Posted by: The ocean update | May 5, 2015

Fifth Dead Whale In 3 Weeks Washes Ashore NorCal Beach (USA)

A dead whale washes ashore on Pacifica beach, May 5, 2015. (CBS)

A dead whale washes ashore on Pacifica beach, May 5, 2015. (CBS)

May 5th, 2015. PACIFICA (CBS SF) — Scientists are hoping to examine a female juvenile humpback whale that washed ashore in Pacifica on Sharp Park Beach, making it the fifth dead whale to wash ashore a Northern California beach in three weeks.

The 32-foot-long whale was first spotted by the U.S. Coast Guard late Monday at the southern end of the beach, according to the Marine Mammal Center.

A scientist from the California Academy of Sciences responded to the scene this morning, but because of the tides and the location of the whale, researchers will not be able to do a necropsy to determine a cause of death. They might return Wednesday to try to collect tissue samples, center officials said.

The whale was found not far from where a dead 48-foot male sperm whale washed ashore on April 14, on Mori Point at the southern end of the beach.  Marine Mammal Center officials said they believed it was a coincidence that two whale strandings occurred on the same beach within the same month.

Several days later, a killer whale also beached itself north of Fort Bragg. Researchers flocked to the Mendocino coast to investigate the rare occurrence. However, they aren’t expected to come to any conclusions as to why the 25-foot creature came ashore to die.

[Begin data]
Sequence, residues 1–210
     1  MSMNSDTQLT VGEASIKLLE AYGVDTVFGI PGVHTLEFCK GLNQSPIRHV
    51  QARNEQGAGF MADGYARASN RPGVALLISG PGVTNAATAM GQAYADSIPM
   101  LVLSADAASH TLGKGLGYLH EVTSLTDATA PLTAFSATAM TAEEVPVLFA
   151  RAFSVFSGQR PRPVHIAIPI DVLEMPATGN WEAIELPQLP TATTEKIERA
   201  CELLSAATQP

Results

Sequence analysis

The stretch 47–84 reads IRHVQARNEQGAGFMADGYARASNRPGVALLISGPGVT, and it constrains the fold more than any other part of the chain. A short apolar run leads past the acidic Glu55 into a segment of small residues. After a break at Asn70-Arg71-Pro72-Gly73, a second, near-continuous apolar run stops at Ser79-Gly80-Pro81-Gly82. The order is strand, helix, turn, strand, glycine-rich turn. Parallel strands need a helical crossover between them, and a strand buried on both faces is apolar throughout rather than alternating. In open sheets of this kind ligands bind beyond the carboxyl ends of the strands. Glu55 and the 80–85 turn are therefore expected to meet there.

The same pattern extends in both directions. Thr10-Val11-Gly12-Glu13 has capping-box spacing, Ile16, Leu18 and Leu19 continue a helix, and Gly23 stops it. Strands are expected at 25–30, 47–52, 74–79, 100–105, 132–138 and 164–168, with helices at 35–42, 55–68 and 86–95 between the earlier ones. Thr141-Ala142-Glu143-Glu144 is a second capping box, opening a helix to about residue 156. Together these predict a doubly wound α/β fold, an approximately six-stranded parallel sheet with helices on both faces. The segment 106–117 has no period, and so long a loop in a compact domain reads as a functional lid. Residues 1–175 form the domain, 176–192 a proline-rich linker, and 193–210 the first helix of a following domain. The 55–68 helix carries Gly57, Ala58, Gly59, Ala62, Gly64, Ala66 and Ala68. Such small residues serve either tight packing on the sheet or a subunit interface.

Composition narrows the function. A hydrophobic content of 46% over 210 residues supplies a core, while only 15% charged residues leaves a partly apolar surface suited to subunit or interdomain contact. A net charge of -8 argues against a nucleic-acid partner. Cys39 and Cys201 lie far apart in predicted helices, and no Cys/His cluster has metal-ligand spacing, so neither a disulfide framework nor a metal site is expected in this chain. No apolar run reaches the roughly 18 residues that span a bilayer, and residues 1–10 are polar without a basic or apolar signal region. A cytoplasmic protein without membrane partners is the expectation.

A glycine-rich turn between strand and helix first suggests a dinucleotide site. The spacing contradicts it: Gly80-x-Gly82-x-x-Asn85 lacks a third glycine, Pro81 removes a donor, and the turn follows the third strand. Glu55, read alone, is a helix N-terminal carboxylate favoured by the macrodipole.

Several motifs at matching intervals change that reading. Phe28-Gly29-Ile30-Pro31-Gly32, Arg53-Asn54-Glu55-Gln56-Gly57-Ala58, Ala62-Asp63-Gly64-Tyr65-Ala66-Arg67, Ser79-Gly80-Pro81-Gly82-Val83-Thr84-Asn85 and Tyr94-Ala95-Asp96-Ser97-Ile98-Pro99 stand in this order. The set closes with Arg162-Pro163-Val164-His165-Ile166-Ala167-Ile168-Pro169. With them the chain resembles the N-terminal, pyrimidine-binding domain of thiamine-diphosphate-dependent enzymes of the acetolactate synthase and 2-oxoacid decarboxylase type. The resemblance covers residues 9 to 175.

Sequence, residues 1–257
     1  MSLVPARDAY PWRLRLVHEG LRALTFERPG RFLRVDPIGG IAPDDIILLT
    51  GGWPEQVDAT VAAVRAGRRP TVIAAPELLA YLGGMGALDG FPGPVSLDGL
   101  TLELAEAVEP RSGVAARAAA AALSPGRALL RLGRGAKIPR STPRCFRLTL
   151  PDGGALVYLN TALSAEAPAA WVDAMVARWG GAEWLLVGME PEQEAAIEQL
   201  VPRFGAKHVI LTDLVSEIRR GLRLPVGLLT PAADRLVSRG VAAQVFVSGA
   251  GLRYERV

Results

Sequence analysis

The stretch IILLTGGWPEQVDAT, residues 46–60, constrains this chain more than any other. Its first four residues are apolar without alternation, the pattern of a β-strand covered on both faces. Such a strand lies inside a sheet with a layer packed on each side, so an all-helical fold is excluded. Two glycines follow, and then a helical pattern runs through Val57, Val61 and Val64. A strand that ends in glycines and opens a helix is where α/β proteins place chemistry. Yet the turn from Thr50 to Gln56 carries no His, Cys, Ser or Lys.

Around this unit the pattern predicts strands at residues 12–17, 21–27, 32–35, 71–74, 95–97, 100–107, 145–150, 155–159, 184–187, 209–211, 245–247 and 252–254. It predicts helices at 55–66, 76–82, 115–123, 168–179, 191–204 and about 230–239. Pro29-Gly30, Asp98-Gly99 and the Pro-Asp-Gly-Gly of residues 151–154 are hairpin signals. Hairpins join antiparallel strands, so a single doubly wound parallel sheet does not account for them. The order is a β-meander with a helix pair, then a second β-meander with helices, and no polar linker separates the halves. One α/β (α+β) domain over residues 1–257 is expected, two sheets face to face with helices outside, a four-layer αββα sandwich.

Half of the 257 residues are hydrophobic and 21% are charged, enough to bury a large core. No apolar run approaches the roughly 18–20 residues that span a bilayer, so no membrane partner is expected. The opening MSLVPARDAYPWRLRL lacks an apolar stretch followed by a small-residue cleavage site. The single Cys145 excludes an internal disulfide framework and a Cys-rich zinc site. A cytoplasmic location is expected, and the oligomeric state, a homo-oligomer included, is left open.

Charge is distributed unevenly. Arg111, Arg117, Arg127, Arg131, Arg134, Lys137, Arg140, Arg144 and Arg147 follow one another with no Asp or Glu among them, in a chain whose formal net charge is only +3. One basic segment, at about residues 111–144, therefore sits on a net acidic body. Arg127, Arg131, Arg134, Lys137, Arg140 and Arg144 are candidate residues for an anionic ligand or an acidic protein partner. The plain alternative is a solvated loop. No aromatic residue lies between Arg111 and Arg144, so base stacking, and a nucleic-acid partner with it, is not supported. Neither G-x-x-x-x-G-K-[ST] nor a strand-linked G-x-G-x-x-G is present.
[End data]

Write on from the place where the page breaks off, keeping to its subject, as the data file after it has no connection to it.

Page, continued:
Then on April 24,  two gray whale carcasses washed up on a a Santa Cruz County beach.

A 40-foot adult gray whale was found near Waddell Beach. There was no evidence of a ship strike in his death and researchers said it had likely been dead for days.

The second 23-foot yearling found at Pajaro Dunes had killer whale teeth marks on its body and was missing its tongue and jaw. Researchers said its death was likely the result of an orca attack.

The center has responded to 21 humpback whales over the past 40 years, including the famous Humphrey, who became lost in the San Francisco Bay in 1985 and 1990.

Sperm whale strandings are relatively rare, with only 17 reported to the center in the past 40 years. The last one prior to this year was found in 2008 in Point Reyes and was determined to have died after swallowing more than 450 pounds of garbage.




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